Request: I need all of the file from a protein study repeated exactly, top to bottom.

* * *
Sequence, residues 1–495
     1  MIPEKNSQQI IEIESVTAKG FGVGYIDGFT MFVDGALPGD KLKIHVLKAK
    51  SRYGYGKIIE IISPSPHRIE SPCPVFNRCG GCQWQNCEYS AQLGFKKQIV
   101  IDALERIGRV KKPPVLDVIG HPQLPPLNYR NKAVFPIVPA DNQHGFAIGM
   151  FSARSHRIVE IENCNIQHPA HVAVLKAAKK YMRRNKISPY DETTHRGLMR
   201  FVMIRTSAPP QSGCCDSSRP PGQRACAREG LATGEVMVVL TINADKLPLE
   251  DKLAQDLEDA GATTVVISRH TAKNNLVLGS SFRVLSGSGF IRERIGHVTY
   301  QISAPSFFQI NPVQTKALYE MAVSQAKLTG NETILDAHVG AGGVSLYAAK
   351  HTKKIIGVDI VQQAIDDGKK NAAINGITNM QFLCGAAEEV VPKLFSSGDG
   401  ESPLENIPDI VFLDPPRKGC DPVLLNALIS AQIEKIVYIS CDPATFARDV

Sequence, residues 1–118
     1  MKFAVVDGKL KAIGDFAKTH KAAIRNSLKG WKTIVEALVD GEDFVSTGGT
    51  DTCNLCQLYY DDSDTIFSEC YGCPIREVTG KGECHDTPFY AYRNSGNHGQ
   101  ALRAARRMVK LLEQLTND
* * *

Sequence, residues 1–495
     1  MIPEKNSQQI IEIESVTAKG FGVGYIDGFT MFVDGALPGD KLKIHVLKAK
    51  SRYGYGKIIE IISPSPHRIE SPCPVFNRCG GCQWQNCEYS AQLGFKKQIV
   101  IDALERIGRV KKPPVLDVIG HPQLPPLNYR NKAVFPIVPA DNQHGFAIGM
   151  FSARSHRIVE IENCNIQHPA HVAVLKAAKK YMRRNKISPY DETTHRGLMR
   201  FVMIRTSAPP QSGCCDSSRP PGQRACAREG LATGEVMVVL TINADKLPLE
   251  DKLAQDLEDA GATTVVISRH TAKNNLVLGS SFRVLSGSGF IRERIGHVTY
   301  QISAPSFFQI NPVQTKALYE MAVSQAKLTG NETILDAHVG AGGVSLYAAK
   351  HTKKIIGVDI VQQAIDDGKK NAAINGITNM QFLCGAAEEV VPKLFSSGDG
   401  ESPLENIPDI VFLDPPRKGC DPVLLNALIS AQIEKIVYIS CDPATFARDV

Sequence, residues 1–118
     1  MKFAVVDGKL KAIGDFAKTH KAAIRNSLKG WKTIVEALVD GEDFVSTGGT
    51  DTCNLCQLYY DDSDTIFSEC YGCPIREVTG KGECHDTPFY AYRNSGNHGQ
   101  ALRAARRMVK LLEQLTND